More Republicans Are Embracing Climate Solutions
Climate change has long been considered a partisan issue, but that seems to be changing. In a recent poll from Associated Press-NORC Center for Public Affairs Research and Yale University, half of all Republicans surveyed said they believe carbon dioxide pollution should be regulated. And nearly half said the U.S. should lead the fight against climate change, even if other countries don’t take action.
This goes against the conventional belief that Republicans don’t support climate solutions. As this Fox News article goes on to say, majorities in both parties feel environmental protections create jobs and promote economic growth.
Other recent polls have discovered similar trends, especially among younger voters. A Washington Post-ABC News poll earlier this year found that, when it comes to climate issues, age matters more than partisanship. Both Democrats and Republicans under the age of 40 were more likely to support greenhouse gas regulations than older voters.
Personal identity plays a strong role in shaping how people respond to climate change – and political affiliation is only one part of that identity. A person may also be a parent, a businessperson, a churchgoer, or all of the above. Framing climate change in political terms can be polarizing, but talking about it in terms of faith, health, the economy, or national security can generate support across party lines.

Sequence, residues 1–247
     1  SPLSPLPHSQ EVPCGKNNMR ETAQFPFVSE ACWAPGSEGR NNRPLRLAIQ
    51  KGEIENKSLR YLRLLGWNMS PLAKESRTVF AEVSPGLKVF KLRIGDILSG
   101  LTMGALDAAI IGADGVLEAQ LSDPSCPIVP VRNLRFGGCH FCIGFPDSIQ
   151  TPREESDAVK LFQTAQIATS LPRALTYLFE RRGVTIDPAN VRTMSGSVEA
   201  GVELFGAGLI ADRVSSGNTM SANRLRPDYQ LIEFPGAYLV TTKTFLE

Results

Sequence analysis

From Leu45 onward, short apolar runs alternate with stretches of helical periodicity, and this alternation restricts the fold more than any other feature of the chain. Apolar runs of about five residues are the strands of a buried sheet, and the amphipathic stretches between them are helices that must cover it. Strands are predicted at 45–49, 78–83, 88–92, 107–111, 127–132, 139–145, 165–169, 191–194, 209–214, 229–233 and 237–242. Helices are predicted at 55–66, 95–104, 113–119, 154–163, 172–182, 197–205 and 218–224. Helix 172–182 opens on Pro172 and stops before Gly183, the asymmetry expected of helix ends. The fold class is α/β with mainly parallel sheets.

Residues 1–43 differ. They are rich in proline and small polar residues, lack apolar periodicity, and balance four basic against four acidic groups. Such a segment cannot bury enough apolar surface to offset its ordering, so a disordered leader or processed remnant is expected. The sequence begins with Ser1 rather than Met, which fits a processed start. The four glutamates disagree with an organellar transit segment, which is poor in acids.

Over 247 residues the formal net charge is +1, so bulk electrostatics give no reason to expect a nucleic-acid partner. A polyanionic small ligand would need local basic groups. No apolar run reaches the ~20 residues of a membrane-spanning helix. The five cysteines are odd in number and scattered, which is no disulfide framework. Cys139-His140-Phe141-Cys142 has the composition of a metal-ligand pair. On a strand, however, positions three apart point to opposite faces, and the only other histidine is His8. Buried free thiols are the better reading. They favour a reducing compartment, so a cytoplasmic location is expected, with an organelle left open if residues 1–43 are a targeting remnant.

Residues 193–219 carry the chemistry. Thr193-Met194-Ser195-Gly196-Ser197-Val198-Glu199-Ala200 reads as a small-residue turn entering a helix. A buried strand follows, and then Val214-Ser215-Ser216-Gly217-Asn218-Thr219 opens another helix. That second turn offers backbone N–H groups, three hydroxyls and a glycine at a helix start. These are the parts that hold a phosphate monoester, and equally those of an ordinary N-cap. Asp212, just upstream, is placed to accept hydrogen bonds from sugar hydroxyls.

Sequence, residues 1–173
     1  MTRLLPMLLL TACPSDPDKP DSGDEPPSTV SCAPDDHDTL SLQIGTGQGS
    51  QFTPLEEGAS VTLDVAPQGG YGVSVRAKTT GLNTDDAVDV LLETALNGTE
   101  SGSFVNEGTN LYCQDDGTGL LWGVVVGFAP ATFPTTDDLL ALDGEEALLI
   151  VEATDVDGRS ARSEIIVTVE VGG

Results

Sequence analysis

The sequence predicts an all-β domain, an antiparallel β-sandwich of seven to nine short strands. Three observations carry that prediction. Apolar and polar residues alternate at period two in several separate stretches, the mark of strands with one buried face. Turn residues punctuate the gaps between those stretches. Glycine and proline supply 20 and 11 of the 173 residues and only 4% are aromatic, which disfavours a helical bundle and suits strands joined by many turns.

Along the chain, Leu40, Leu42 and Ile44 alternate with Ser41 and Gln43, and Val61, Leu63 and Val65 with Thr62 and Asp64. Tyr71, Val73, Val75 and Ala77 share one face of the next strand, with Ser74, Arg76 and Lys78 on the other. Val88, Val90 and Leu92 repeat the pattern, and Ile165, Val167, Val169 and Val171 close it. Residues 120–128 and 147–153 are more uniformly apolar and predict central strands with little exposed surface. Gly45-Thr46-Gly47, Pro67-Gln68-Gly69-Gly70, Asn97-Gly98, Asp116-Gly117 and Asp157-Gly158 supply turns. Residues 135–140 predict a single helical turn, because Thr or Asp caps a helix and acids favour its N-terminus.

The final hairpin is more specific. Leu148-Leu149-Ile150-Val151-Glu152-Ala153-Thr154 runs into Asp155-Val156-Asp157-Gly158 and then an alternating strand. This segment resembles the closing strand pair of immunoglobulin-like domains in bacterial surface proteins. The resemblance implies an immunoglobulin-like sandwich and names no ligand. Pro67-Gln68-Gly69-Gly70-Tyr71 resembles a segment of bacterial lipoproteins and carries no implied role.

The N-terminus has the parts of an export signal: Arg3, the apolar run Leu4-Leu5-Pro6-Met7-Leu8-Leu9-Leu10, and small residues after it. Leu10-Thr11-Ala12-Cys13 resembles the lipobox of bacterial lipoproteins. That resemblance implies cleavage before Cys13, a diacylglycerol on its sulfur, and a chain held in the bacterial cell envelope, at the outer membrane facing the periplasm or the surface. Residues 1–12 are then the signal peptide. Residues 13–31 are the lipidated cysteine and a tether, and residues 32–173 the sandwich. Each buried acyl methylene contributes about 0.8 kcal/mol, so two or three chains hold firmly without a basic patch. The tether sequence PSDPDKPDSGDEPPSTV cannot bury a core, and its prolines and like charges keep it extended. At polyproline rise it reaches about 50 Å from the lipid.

To learn more about aligning your climate message with the worldview of your audience, download our new report, Connecting on Climate: A Guide to Effective Climate Change Communication.
When Republicans take control of Congress next month, top on their agenda will be undoing environmental regulations they claim will harm the economy, chief among them President Barack Obama’s plans to limit heat-trapping carbon pollution from coal-fired power plants.
The results of a new poll from the Associated Press-NORC Center for Public Affairs Research and Yale University show their priorities may be misplaced.
Six in 10 Americans, including half of all Republicans, said they support regulation of carbon dioxide pollution, although they weren’t asked how. Nearly half of Republicans said the U.S. should lead the global fight to curb climate change, even if it means taking action when other countries do not. And majorities across party lines said environmental protections “improve economic growth and provide new jobs” in the long run, a popular Obama administration talking point.
Image credit: Associated Press